- It’s a communication tool, allowing for group communications (rooms) and private communications (direct messages) and everything in-between.
- Communication can be text, emoji, gifs, urls, and files.
- Everything is searchable and, if you’re on a Â paid account, that means EVERYTHING from ANYTIME for FOREVER. This has come in handy a few times, which I’ll detail in a minute.
- It works on computers, both Mac & Windows, as well iOS, Android and the various phones and tablets they power.
- Notifications are customizable and easily turned off.
- It’s easy to use, and does some pretty amazing things.
At TSI&T we’ve been using it basically since the beginning of the company. We tried other solutions but they just didn’t work for us. Nothing was simpler, nothing was liked more, and in the end, nothing worked better. And while that seem damning with faintÂ praise, the truth is we put everything through the ringer of dealing with us, and nothing else even survived, while Slack shone like a beacon of happiness in the darkest of nights.
But lately, we’ve evolved and found a new way to use Slack that doesn’t require one of many Slack Apps, this is built in from the get-go, and it’s just two parts
- Custom name a room: something like #install-new-client
- Add a single-channel guest.
That’s it. Now, when we are doing a massive installation that involves our SuperFiâ„¢ internet service, VoIP Phone Service, Security Cameras, and internal networking with public access, well, we like to have the customer contact involved every step of the way. This is important because in many cases we’re installing service to buildings that have been around for decades, have intricate or interesting access issues, have multiple issues with construction that might have been up to code at some point in the past but is surely not that way now, and could just have unexpected surprises or timing issues. By having a client inside our Slack we can discuss all of this, in real-time, and get answers to questions, adjust scheduling, buy materials, etc., and we don’t have to chase down clients via phone, or email or actually stopping by their desk because they’re at least as busy as we are and haven’t gotten to the 40 bazillion emails sitting in their inbox yet and why isn’t there hot coffee who the hell drank it all and where did my pen go andwhyisthisthefontwe’reusingonthisaddidsomeonegoblind?!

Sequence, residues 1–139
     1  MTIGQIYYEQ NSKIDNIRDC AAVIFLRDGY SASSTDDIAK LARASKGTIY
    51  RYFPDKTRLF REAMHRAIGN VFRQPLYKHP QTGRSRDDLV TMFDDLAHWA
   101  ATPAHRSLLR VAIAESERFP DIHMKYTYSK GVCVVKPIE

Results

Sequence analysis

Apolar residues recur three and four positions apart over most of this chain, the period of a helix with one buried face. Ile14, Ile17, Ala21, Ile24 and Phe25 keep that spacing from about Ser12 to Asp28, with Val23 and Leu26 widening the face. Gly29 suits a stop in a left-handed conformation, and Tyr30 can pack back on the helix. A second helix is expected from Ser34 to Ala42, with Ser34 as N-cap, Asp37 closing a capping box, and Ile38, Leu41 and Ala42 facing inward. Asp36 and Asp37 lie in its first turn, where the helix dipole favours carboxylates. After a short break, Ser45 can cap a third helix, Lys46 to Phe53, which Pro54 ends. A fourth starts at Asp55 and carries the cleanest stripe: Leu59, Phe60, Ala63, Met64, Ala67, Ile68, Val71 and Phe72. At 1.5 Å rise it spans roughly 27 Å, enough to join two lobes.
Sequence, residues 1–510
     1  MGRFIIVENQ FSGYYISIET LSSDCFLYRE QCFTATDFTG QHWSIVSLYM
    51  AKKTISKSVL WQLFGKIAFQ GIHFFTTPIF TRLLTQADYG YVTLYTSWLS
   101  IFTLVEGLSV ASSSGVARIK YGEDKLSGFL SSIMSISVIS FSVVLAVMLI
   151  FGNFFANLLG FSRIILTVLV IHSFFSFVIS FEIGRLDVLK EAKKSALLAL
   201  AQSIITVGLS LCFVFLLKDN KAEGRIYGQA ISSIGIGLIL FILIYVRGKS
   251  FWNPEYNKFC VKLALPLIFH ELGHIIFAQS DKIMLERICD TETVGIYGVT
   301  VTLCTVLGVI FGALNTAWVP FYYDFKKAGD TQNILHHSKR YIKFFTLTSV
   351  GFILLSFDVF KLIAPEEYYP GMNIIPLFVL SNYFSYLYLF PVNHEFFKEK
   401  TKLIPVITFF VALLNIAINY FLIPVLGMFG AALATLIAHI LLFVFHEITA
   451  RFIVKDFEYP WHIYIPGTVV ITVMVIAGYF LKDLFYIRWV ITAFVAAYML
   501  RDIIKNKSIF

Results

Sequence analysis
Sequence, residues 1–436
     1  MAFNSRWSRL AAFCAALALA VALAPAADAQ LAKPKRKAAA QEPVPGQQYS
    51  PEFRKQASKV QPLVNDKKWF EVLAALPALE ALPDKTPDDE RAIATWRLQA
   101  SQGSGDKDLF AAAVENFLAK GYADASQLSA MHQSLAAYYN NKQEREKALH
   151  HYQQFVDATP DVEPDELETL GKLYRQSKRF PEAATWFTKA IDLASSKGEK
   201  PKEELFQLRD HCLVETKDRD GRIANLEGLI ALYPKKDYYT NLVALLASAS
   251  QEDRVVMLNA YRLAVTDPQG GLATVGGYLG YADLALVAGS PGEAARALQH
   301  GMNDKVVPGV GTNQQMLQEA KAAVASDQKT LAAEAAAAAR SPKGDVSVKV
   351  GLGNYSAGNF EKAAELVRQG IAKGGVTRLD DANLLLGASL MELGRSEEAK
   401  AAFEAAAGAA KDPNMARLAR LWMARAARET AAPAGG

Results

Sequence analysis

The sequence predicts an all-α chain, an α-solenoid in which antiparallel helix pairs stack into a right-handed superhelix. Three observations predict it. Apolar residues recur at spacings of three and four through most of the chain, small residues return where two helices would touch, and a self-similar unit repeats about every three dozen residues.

Anyway, we’ve started this practice and already it’s sped us up on projects. If you’re still using email and phone and text and smoke signals and postcards and ponies to communicate, it might be time to cut yourself some Slack.
And if you like what we’re doing at TSI&T, you might consider investing.